My 40th birthday comes in less than a month and, right on schedule, my ob.gyn handed me the paperwork last week to get my first screening mammogram. Yesterday, the U.S. Preventive Services Task Force issued new recommendations that will now have women younger than 50 years skipping screening mammograms completely. Will I still be getting my screening mammogram? You bet, I’ll get it done before the year is out–so that my insurance company will still pay for it.
Why? Because cancer is a truly terrifying word for most of us. Yes, it’s an irrational fear that I might develop breast cancer before age 50. Given my family history, it’s far more likely that I will develop heart disease. Still, like many women, I’m far more scared of developing breast cancer and the fact that it’s an irrational fear doesn’t make it any less real to me.
In the new recommendations, the USPSTF says that the small chance of detecting breast cancer on a screening mammogram in women younger than 50 years is outweighed by “the psychological harms, unnecessary imaging tests and biopsies in women without cancer, and inconvenience due to false-positive screening results.”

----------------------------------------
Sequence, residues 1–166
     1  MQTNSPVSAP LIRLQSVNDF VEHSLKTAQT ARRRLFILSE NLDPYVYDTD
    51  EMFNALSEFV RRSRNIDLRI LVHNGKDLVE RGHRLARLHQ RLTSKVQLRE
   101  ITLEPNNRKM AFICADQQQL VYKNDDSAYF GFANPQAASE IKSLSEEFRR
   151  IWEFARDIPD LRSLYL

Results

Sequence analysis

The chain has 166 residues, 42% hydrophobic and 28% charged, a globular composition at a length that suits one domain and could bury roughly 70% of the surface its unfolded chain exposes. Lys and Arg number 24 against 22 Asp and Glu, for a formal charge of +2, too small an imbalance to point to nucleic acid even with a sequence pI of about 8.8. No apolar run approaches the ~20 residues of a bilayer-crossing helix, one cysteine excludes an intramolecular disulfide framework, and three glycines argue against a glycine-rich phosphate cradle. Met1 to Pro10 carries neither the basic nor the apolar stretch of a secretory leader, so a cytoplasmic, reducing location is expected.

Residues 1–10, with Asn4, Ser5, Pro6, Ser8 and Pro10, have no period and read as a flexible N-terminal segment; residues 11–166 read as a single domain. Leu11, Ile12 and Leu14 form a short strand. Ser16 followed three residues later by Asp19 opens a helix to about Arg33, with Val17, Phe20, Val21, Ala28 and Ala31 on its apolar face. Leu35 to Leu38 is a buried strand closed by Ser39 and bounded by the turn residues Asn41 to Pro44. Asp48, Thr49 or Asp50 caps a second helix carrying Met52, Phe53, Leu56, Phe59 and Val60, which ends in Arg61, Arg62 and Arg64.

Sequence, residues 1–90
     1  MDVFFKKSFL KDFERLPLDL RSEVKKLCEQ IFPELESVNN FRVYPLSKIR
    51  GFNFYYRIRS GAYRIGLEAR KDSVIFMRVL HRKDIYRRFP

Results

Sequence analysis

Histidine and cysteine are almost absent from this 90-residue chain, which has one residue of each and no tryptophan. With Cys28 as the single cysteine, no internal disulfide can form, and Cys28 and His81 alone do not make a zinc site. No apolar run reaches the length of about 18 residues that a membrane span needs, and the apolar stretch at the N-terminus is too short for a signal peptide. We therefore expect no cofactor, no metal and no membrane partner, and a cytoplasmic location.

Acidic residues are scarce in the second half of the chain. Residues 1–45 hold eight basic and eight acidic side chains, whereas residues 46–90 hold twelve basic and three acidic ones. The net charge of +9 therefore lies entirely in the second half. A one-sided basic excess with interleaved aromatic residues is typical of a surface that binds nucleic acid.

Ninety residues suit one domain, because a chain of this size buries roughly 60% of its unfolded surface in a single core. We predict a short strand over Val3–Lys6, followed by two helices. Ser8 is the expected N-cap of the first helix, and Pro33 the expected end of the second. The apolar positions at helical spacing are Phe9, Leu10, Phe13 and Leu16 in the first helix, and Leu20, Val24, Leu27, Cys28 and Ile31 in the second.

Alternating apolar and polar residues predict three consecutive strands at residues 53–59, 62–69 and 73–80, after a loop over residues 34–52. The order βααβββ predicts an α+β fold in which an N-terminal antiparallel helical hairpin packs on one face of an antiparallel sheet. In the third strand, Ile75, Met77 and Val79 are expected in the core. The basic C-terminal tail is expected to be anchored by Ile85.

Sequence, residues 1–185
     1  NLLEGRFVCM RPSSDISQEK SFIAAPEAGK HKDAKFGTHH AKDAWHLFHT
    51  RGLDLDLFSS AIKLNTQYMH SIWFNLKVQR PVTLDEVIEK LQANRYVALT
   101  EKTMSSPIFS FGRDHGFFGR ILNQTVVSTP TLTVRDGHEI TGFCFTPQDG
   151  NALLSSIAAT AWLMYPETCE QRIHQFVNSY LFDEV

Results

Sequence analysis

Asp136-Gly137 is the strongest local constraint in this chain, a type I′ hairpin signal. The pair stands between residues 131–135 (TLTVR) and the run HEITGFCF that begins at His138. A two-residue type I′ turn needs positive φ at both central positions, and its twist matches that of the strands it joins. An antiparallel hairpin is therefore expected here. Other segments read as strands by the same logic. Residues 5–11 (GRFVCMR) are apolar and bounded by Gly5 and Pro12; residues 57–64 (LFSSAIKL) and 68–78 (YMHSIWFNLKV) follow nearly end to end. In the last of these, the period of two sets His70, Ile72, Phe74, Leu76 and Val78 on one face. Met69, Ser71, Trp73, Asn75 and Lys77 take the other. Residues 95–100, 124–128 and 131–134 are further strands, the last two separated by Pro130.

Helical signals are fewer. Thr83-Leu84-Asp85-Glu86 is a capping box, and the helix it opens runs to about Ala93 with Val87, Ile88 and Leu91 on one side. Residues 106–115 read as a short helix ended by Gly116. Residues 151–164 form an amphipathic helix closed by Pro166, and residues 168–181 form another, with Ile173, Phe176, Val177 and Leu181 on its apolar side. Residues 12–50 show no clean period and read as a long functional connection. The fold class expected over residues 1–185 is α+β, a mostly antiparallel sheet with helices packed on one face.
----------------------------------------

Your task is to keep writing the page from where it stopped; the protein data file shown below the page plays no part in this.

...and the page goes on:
I think the task force misses the real fear for most women. I went through a series of imaging tests and consultations last year for what turned out to be benign thickening of tissue. It was a harrowing experience and several months of nonstop anxiety and I’d gladly go through it all over again to know that another mass was benign or to catch a tumor early. The real fear is not detecting breast cancer early, even if the risk of developing the disease is statistically very small.
So, I’ll get that screening mammogram this year but what about next year and the year after that? Will my insurance company stop covering screening mammograms for women younger than 50 and will I end up having to spend my own money to feel reassured?
—Kerri Wachter, @knwachter on Twitter